Story of a tourist! Part II

Irtif Lone

We finished our coffee. But the conversation had just started to pick up. It was getting dark outside. So, his family headed to the hotel while we decided to take a stroll. It was a pleasant evening and breeze alongside the banks of Dal Lake made me remember how in my childhood I would write an essay over this moment in Urdu, “Chandni Raat Main Jheela Dal Ki Sair” (In moonlit night, a walk along Dal Lake).  I was remembering every point that I would write about, the beauty of moon’s reflection in the lake, the background of Zabarvan hills and the stillness of waters. I was just living that essay for now.

The only thing that didn’t fit the scene was the headlights and the honking noise.  And thus began the conversation again. “See, this is what I was talking about. I would have admired some silence”, he said with a grin on his face. And all I could do was agree with him. Before I could say anything, he started again, “You know how much this traffic management is a problem in your city.” I remember, two things, whenever I have got caught in a traffic jam, there are two blame points. The state government to which the people complain that we have had the same roads but the number of vehicles on roads are multiplying, hence the traffic jam. And the other part, where all these traffic jams have at its root in Jammu and Kashmir Bank, which provides loans to people to buy these cars. And by some non-quantitative measures it is said that every household in Kashmir has at least two cars.

 And he continued, “Yesterday, we had planned to go to Gulmarg, so we left in the morning but were caught for couple of hours in a traffic jam from Parimpora to HMT and then we had to cancel the trip and come back to the city but the city was so much sailing in the same boat that we preferred to go back to the hotel and spent the day there”.  All that he was saying was true but they were just the problems, I didn’t see the solution. And I told him this. But, by this time we had walked quiet a distance. And then he continued again, “I know, I am not giving solutions neither do I intend to. All, I am saying is that these problems exist and should be taken care of. I have been here for couple of days, so it is very unlikely that I give a solution. Now, look at this lake. I have read that this has at some point of time has been 55 sq.kms and even more but today has been shrunk to less than 10 sq.kms. It should have been taken care of.”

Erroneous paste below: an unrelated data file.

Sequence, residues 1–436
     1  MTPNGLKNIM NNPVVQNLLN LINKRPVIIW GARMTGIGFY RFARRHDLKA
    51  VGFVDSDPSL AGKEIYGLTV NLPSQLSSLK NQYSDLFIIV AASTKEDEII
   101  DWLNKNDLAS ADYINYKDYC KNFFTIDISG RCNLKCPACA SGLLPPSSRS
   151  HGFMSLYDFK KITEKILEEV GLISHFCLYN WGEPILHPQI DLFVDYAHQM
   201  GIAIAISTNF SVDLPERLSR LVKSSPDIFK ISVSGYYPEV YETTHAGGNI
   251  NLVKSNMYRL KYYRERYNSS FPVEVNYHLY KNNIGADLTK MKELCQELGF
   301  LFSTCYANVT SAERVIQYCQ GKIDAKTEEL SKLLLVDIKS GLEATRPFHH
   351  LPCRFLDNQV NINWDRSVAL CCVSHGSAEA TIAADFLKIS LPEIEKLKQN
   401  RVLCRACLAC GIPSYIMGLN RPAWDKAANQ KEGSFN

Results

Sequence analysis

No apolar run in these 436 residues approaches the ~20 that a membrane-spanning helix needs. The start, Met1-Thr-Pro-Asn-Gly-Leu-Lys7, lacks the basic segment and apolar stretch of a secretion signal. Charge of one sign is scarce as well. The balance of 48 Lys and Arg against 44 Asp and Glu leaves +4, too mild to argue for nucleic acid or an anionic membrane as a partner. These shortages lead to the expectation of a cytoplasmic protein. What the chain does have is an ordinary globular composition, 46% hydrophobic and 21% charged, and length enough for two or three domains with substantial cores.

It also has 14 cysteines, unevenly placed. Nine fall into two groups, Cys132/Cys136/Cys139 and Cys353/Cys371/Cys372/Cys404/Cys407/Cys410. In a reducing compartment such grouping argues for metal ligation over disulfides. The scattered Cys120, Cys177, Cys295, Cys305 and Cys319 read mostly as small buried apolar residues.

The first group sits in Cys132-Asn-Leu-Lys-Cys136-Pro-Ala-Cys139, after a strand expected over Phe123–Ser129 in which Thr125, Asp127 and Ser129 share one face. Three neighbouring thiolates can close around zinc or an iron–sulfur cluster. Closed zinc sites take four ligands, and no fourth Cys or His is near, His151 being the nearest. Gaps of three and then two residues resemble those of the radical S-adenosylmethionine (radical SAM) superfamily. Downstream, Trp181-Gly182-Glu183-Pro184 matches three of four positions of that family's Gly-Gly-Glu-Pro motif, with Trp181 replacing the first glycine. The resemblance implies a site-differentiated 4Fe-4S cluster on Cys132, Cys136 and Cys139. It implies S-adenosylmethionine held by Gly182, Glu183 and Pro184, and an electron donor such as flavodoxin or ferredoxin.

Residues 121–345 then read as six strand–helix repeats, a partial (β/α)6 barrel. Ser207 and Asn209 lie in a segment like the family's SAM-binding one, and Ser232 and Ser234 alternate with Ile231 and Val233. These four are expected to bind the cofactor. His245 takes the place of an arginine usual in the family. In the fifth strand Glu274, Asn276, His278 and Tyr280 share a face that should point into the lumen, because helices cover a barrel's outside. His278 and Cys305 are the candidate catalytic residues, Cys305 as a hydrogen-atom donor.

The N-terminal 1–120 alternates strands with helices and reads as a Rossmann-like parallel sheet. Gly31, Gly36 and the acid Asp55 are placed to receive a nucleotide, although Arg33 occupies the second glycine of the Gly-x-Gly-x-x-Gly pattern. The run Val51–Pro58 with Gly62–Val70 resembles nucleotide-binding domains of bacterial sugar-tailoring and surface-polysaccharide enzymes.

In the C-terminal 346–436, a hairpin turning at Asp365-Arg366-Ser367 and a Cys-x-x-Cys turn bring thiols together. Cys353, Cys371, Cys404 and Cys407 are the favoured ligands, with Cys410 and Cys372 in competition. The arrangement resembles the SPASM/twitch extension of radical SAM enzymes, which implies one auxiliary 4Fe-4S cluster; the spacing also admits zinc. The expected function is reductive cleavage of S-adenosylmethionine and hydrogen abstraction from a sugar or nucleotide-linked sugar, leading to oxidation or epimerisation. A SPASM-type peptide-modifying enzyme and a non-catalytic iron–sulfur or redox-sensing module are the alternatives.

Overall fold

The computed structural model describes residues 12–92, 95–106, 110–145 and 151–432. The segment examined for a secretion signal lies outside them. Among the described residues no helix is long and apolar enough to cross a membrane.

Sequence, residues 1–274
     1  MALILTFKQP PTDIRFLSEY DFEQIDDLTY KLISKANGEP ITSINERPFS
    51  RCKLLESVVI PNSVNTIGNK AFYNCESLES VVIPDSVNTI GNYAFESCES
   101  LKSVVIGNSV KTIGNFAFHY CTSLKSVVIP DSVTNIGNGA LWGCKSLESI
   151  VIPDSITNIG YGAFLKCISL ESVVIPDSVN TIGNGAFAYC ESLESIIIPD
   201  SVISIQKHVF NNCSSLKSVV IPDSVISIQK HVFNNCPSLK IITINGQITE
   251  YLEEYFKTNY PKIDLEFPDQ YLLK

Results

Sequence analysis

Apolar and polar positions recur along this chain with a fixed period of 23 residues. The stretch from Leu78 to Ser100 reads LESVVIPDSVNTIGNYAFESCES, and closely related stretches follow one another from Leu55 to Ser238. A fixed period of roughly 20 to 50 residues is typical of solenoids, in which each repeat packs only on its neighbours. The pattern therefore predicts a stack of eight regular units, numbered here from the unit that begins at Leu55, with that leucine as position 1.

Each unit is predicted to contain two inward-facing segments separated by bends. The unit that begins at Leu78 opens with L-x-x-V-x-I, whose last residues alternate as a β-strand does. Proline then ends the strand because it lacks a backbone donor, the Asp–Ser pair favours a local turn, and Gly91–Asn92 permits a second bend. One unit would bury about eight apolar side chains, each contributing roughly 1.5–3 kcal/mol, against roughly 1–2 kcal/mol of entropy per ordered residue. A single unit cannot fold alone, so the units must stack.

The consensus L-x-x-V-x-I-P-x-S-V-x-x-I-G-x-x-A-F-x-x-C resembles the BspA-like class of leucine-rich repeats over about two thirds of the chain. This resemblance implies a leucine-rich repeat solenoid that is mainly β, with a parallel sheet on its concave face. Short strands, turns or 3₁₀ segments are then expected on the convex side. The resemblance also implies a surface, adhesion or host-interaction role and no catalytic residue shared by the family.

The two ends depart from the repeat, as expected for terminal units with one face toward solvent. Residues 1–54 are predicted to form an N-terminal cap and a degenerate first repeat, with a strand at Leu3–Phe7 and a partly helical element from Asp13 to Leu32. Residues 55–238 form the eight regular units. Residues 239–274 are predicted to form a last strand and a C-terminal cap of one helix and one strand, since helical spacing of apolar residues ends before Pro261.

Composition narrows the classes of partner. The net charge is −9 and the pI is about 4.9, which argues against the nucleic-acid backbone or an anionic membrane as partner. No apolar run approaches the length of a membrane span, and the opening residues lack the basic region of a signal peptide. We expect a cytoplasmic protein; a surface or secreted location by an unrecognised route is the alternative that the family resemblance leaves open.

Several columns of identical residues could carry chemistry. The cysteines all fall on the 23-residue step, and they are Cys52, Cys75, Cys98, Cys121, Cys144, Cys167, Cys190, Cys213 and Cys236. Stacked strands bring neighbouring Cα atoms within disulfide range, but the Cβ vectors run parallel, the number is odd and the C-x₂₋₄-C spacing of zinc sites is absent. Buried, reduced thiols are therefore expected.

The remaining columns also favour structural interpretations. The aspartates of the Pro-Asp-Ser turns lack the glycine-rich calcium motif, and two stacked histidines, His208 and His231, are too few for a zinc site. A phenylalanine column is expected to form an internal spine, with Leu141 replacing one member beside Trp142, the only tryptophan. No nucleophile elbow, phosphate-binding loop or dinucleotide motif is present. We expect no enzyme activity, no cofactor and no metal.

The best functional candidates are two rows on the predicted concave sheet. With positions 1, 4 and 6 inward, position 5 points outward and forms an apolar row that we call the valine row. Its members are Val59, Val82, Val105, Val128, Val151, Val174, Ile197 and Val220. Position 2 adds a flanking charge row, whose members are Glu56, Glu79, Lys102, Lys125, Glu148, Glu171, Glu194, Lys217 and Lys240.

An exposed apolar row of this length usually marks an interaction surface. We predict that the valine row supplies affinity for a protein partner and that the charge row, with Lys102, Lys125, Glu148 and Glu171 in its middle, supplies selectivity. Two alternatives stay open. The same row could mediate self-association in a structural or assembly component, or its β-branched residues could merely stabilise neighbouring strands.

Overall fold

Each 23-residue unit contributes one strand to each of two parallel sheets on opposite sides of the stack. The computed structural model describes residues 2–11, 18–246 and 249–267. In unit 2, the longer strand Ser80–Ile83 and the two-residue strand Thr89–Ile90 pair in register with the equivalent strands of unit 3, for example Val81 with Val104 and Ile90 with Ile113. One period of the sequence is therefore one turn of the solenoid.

It was true. But, the fact remains we have been a conflict zone. While thousands of people died in the conflict who then would have been worried about the environment. And it was my time to speak now, “For you as a tourist, Kashmir is all beauty. But for the people who live here it’s much more. It has been a story of death and horror. People have suffered to the hilt. It is the resilience of the people that they are living normal life, at least as it looks to people like you, who come as tourist.” And, then I realised my tone was getting shriller. So, I toned down and gave him a smile. After all it was a friendly discussion. And we didn’t plan to discuss politics. “You have been responsible for it”, was what he said. I looked at him for some time. I did not say a word. But, I knew this was not ending any soon.

And, what happened later that night would come next week. Adios!

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